Florida Is the Worst Place to Raise Kids (and It's Not Because of Zika)
If you want to play it safe, the Midwest is best for raising kids!
Finding the best place to raise your kids is not easy. My husband and I moved to the suburbs of Philadelphia for just that reason, and even now, 15 years later, I'm still not 100 percent sure we made the right decision.
There are just so many factors that come into play—the neighborhoods, the school system, the quality of the drinking water, the proximity to playgrounds and extracurricular activities, and, of course, the cost of living. Because according to the USDA, the average cost of raising just one child is more than $304,000—yikes!
Luckily, SmartAsset took on the task of crunching all the data for its second annual study on the best cities for children. They examined the 200 largest U.S. metro areas and ranked them using 13 factors that affect a child's quality of life, including water quality, air quality, and access to schools with high graduation rates and high rates of proficiency in math and reading.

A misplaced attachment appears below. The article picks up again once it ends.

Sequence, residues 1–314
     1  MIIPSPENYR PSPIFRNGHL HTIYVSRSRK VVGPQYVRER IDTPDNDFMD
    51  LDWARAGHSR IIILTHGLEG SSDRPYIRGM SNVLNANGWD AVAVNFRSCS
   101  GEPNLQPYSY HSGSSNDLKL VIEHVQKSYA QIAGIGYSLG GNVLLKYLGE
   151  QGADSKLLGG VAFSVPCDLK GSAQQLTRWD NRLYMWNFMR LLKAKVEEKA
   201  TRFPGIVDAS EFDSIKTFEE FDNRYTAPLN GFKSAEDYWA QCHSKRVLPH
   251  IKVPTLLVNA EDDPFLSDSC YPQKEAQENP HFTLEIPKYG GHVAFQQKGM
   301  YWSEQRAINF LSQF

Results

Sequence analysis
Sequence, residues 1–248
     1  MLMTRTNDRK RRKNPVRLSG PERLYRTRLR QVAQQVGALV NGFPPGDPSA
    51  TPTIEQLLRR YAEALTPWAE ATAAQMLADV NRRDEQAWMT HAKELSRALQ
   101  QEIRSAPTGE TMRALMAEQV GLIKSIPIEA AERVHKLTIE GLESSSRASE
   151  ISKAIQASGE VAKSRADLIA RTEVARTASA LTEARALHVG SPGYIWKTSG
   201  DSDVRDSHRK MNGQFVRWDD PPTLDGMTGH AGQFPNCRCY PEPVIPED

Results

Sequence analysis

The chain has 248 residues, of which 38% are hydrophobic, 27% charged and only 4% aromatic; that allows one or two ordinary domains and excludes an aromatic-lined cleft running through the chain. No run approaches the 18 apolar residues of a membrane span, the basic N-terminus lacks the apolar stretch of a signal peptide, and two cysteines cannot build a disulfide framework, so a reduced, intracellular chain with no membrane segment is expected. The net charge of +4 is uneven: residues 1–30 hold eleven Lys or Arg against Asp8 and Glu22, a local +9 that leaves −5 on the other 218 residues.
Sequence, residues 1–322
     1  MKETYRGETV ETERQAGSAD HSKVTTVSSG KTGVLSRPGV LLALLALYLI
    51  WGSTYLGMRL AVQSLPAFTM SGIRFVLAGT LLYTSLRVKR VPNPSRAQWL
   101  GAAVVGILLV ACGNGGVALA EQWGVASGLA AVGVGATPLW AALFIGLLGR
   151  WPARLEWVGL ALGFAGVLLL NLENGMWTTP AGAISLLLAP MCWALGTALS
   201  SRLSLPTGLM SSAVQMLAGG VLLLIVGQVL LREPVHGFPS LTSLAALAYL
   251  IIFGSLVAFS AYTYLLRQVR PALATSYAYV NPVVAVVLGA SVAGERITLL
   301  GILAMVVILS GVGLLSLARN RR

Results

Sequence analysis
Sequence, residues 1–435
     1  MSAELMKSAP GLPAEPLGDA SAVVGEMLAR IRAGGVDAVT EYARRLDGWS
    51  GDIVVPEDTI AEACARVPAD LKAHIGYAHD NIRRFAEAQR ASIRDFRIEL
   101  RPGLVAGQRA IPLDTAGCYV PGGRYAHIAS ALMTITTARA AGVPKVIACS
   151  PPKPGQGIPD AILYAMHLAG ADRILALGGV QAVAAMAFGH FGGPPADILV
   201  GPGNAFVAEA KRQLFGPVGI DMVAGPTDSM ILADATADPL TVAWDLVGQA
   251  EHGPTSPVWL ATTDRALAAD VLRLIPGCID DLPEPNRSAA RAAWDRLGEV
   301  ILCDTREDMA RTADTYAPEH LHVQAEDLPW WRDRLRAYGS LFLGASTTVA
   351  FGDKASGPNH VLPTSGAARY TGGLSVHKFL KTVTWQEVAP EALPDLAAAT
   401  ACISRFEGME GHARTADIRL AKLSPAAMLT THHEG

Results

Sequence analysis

They also looked at child and infant mortality rates, child poverty rates, median home values, and the percentage of children without health insurance.
Here's what they found:
The best place in America to raise a child is Cedar Rapids, Iowa—for the second year in a row. Two other metro areas in the Hawkeye State made the top 10 list as well: Des Moines, which ranked third, and Omaha-Council Bluffs, Nebraska-Iowa, which came in at fifth.
Other Midwest cities that cracked the top 10 include: Sioux Falls, South Dakota; Lincoln, Nebraska; Rochester, Minnesota; Appleton, Wisconsin; and Fargo, North Dakota. In fact, there were only two cities not located in the Midwest that made the top 10 list: Barnstable Town, Massachusetts and York-Hanover, Pennsylvania. Though sadly, my own city of Philadelphia failed to even make the top 25.
But no state fared worse than Florida. Despite the balmy weather, seven of the 10 worst places to raise children are located in FLA—with Ocala coming in dead last—and this was before the Zika outbreak hit Miami!
What's your take on this study?